Who are the Employers of Choice for Today’s Procurement Leaders?

3dmentat/Adobe Stock

Spend Matters welcomes this guest post from Nick Lazzara of MRA Global Sourcing.

As a function, we’ve discussed at great lengths over the past couple of years how procurement has climbed up the corporate ladder to take on a more strategic role in many businesses. Although technology and a changing business landscape have undoubtedly increased the pace of this subtle shift, talented professionals have been the driving force behind it.

Also well documented are the difficulties in locating and enticing these gifted individuals. While most companies still find themselves struggling to find the right talent, a select few have sourcing leaders lining up to work for them.

In our last piece, we covered how companies can become an employer of choice for procurement superstars. In this article, we will share some of our findings on which organizations are the employers of choice for procurement today.

Most Desired Companies

In today’s procurement employment landscape, candidates are in the driver’s seat. Whereas during the economic downturn companies may have had their pick of the litter, today it’s the job seeker who is now often entertaining multiple offers and can afford to be selective. As the hyper-competitive talent market remains hot, this leaves most employers holding the short end of the stick.

A handful of organizations, however, consistently come up in our conversations with practitioners about who their dream employers are. These are typically companies that are renowned for world-class supply chain practices, innovative thinking or an overall company culture and messaging that procurement folks can’t help but feel attracted to. You know, the companies that have 100 applicants to a “Director Sourcing” opening within an hour of posting the ad on LinkedIn.

The company that comes up the most frequently as an ideal destination is Amazon, which comes as little surprise, as the e-commerce giant is redefining the supply chain makeup of countless industries, while turning those industries on their head in the meantime (look out, grocery). With explosive growth organically and through acquisition, an ambitious procurement leader at Amazon could, in theory, “have their cake and eat it too” with a buffet of desirable challenges like M&A due diligence, standing up sourcing groups, business process integration and more, with extremely high stakes and visibility. In other words, putting Amazon on your resume is sexy. Other organizations that often fall in this category are innovative blue-chippers like Apple, Google and Facebook, for similar and obvious reasons.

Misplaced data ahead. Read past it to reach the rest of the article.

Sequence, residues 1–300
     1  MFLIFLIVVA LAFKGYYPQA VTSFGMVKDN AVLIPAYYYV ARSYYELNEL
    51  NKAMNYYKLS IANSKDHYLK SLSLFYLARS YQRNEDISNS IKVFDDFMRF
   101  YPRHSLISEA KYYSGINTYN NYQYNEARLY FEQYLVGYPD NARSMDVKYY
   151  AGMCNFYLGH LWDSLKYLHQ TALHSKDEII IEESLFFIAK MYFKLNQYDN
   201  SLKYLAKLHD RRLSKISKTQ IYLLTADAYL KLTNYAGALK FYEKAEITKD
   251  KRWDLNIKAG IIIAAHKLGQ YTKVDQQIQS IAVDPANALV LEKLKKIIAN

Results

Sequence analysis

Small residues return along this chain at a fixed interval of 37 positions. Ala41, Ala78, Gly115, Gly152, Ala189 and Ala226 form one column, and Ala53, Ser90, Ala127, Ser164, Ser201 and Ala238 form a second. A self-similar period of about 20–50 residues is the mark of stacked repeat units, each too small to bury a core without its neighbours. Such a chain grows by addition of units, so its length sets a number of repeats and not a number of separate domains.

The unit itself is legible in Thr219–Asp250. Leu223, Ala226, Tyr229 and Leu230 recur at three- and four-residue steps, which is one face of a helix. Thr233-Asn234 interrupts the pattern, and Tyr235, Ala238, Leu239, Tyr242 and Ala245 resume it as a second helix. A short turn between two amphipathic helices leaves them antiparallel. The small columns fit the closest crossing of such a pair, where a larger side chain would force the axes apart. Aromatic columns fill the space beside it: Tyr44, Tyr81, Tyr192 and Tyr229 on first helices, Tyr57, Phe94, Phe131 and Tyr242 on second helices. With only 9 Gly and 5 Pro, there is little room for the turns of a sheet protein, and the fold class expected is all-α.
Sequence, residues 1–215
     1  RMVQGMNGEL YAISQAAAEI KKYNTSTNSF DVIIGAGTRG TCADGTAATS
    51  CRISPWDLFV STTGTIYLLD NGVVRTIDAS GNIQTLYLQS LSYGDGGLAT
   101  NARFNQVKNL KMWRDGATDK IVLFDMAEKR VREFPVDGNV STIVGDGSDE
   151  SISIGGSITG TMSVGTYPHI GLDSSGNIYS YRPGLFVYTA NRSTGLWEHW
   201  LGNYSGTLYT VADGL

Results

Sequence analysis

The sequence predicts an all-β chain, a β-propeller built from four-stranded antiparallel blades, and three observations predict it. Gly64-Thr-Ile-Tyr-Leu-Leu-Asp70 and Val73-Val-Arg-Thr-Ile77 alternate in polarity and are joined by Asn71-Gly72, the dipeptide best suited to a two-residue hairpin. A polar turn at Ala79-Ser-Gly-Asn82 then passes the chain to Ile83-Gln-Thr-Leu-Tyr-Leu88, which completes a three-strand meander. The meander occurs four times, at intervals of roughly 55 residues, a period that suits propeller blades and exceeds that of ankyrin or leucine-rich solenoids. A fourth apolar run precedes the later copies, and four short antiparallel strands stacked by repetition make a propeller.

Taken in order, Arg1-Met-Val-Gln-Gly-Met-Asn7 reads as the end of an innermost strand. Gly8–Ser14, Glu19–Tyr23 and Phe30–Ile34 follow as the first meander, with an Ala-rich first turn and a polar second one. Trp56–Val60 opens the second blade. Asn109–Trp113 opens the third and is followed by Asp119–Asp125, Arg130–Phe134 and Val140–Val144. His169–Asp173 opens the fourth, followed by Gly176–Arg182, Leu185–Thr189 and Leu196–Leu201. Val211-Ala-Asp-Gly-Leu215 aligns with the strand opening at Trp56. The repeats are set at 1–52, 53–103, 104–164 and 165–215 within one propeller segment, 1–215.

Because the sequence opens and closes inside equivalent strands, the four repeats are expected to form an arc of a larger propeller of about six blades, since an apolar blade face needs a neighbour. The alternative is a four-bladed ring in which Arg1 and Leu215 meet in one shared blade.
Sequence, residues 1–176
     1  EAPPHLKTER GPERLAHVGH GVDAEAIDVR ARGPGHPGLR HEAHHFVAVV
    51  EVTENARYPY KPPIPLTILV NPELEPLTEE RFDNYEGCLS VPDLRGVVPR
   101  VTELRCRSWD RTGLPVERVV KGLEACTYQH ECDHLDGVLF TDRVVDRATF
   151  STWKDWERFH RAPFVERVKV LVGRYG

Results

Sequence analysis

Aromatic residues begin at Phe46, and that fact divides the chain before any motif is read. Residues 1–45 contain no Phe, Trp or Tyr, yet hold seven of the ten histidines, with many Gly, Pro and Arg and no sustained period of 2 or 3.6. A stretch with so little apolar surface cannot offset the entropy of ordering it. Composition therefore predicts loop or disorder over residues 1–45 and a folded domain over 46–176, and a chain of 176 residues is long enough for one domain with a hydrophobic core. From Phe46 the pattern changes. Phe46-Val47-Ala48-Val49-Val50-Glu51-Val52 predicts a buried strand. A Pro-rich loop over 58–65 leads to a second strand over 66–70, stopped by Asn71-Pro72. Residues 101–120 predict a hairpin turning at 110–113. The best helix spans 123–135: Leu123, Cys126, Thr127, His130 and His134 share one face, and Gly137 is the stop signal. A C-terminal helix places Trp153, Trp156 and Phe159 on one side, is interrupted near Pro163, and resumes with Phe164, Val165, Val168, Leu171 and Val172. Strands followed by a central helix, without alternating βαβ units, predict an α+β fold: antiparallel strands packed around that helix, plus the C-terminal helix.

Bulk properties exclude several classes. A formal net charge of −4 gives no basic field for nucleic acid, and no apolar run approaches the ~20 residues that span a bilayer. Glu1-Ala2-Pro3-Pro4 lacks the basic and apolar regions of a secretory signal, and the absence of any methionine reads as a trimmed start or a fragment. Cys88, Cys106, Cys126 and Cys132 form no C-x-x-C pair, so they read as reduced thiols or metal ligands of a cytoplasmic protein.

Another company that is often a list-topper is Unilever, although for different reasons than the previous ones. Unilever draws the admiration of many, including a procurement exec in transition we spoke with a few months ago, who described the reasons why: robust procurement group demonstrating best-in-class processes; strong sustainability sourcing practices; global presence and a sterling supply chain brand, as they were voted No. 1 on Gartner SC Top 25 Supply Chain list. Procter & Gamble and Johnson & Johnson also fit the bill here, with well-liked, reputable procurement groups that are the envy of other organizations.

Two other desirable, although outside the box, companies we’re often pointed to in the consumer-packaged goods (CPG) and food sectors are SC Johnson and J.M. Smucker. These organizations defy odds in nabbing top procurement talent in non-metro areas (Racine, Wisconsin, and Orrville, Ohio, respectively) by putting their best foot forward in other areas — namely, outstanding culture and treatment of employees, considerate career-pathing and world-class perks and benefits. While these companies hover in the $7 billion–$10 billion range, we’ve heard firsthand that they make their employees feel like family, and that attracts top-notch leaders. Chobani is another company cut of the same cloth, with a growing sourcing group people are excited to be a part of.